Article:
Category: baby name Clementine
By Aimee Reneau Tafreshi
Some of us Berries love food almost as much as we love our own children. What better way to combine two loves than by honoring your favorite noshes by naming your child after them? For years, food and baby names have occasionally overlapped. Established spice names such as Rosemary, Sage and Ginger come to mind. In recent years, more out-of-the-box examples have emerged, such as Gwyneth Paltrow’s daughter Apple. I decided to dig beyond the usual suspects to round up a list of food-inspired names that are seldom heard but ripe for the picking.
As the sole contender in the legume category, Pinto makes a colorful choice. Pinto sounds accessible and a tad rugged along the lines of Wyatt and Luke. Beside pinto beans, the name calls to mind coltish pinto horses and the beautiful Indian actress, Freida Pinto.
The biggest catch of names emerged from the deep blue sea. In the fish and seafood category, there are many names that are obscure enough that most will not associate your baby with a fish or gastropod. Abalone conveys an outer toughness with an inner beauty. If you like salmon, then its cousin, Char, might work for a boy’s name, with a hardy nature and coolness. For a name that is sweet and mild-mannered with a hint of the exotic, Swai makes for a unique choice and is reminiscent of Kai. A popular game fish, Cobia has likeability and a twist on the more familiar sounding Coby.
The same phenomenon applies to some names from pop culture, though these can change over time. Juliet has definitely transcended its Shakespearean associations, though is Romeo still rooted to the tragic stage? What about Clementine, which for decades would inspire a chorus of “Oh My Darlin’” but now may have escaped that fate?
Our question of the week is:
Which names are still tied to one person, character, association?
Exactly forty-three years ago, on July 20, 1969, the Apollo 11 spaceflight landed the first humans, Neil Armstrong and Buzz Aldrin, on the moon, with Armstrong being the first to step onto the lunar surface six hours later, famously describing the event as “one small step for man, one giant leap for mankind.” This effectively ended the space race with Russia and fulfilled a goal set by John F. Kennedy in 1961.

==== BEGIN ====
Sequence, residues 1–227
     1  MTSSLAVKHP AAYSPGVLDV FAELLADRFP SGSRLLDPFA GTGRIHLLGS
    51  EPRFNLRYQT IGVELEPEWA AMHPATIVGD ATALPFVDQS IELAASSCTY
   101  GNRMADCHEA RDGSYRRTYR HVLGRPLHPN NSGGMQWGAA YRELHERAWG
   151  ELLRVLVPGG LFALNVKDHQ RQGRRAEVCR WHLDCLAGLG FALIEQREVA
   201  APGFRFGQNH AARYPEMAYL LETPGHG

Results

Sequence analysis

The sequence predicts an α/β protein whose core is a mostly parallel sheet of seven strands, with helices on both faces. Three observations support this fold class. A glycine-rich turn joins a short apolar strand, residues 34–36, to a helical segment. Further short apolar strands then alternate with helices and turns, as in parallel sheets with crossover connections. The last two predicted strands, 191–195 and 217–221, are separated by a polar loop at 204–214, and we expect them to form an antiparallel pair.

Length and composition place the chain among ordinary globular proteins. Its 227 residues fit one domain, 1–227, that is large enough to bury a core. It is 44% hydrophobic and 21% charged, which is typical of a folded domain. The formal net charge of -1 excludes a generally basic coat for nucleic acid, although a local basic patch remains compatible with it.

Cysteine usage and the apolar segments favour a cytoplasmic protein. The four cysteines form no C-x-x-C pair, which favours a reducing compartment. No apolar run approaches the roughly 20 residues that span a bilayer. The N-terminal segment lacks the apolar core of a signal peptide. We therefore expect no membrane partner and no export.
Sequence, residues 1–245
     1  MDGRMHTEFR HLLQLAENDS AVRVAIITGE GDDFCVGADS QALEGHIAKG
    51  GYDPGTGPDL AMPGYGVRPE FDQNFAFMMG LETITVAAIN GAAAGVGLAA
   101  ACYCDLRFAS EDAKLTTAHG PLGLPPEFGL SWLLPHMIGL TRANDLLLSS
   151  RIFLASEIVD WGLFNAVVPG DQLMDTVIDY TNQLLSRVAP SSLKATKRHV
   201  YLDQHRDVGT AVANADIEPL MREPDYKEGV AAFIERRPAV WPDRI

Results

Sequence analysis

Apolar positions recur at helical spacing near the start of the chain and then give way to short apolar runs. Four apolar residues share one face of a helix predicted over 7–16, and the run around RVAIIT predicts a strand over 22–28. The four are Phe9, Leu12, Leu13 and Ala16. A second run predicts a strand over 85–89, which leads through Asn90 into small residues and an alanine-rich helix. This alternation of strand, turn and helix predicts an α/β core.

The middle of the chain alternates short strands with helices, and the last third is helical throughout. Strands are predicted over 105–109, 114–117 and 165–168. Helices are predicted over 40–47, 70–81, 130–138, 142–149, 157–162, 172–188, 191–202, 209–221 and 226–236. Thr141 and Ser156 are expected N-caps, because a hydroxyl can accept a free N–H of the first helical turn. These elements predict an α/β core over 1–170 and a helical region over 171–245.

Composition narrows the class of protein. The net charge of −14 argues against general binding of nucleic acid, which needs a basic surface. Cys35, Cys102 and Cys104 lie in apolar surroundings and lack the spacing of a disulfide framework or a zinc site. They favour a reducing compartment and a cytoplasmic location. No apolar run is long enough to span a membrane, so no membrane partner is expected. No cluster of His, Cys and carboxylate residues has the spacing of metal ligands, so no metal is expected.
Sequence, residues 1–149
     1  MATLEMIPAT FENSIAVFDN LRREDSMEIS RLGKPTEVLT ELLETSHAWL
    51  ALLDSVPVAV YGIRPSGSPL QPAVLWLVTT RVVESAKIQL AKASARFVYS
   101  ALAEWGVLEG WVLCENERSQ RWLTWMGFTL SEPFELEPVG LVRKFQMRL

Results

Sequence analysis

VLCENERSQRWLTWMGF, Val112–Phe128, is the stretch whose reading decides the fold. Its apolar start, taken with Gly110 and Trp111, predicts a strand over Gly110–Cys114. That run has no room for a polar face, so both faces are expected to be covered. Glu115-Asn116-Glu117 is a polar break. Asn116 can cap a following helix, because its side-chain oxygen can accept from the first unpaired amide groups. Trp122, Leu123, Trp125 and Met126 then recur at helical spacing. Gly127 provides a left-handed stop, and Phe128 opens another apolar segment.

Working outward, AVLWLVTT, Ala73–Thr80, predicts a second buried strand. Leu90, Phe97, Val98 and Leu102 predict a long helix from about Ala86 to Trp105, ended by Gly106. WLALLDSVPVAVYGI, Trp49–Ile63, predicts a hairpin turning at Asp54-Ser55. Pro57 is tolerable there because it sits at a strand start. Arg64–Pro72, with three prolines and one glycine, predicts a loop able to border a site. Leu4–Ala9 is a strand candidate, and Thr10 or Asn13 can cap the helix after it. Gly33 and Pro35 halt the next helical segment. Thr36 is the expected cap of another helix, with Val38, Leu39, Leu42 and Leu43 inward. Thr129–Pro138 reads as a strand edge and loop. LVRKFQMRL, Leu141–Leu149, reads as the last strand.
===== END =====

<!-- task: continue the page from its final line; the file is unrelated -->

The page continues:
Apollo— The Apollo program was named after the Greek god of light, music and the sun by NASA manager Abe Silverstein, who said he chose it “like I’d name my baby,” after perusing a mythology book and seeing an image of Apollo riding his chariot across the sun.
Most of us – whether we’re due next month or many years away from starting a family – immediately search a few key names. If you were hoping to keep your favorite all to yourself, there might have been disappointing news on May 14. Adele and Olive both rose. So did Willow and Beatrice, Declan and Archer, Nico and Enzo. Penelope was up, and Ezra, too. Berries tend to be ahead of the curve, but the wider world does eventually catch on.
But fear not – there is a silver lining. Search for stylish, appealing appellations that remain unranked and outside of the spotlight, and there are plenty to choose from.
I spent yesterday looking for what isn’t on the much-awaited list.
In the never-ending search for fresh green nature names, prospective parents have dug all around the flower garden, looked up at tree names and swum through a sea of water names.
One area of nature names that hasn’t been explored as much is –don’t laugh—fruit names. Maybe this was because there was so much (perhaps unfair) snickering when Gwyneth Paltrow and Chris Martin named their baby girl Apple, even though there were some who liked the fresh-faced, wholesome image it projected.
We’re not suggesting that you call your baby Banana (the pen name of a noted Japanese novelist) or Prune (which happens to be really popular in France these days), but if you look beyond the common fruit names to some of their specific varieties and international variations, you might be surprised to find some interesting—and unusual– nature name choices.
ANJOU—The Anjou is a type of sweet and juicy pear, which originated in Belgium but takes its name from a wine-growing province in the Loire valley with a rich history that includes such characters as Geoffrey the Handsome. As a name, Anjou has a charming Bijou-like feel, and might be seen as a cousin to Anjelica and Angelina.
BERRY—Berry has long been used as a unisex first name reaching a high of Number 435 in 1909 and staying in the Top 100 till 1971. It has one male and one female well-known namesake—Motown founder Berry Gordy, Jr, and the late actress-photographer Berry Berenson (born Berinthia).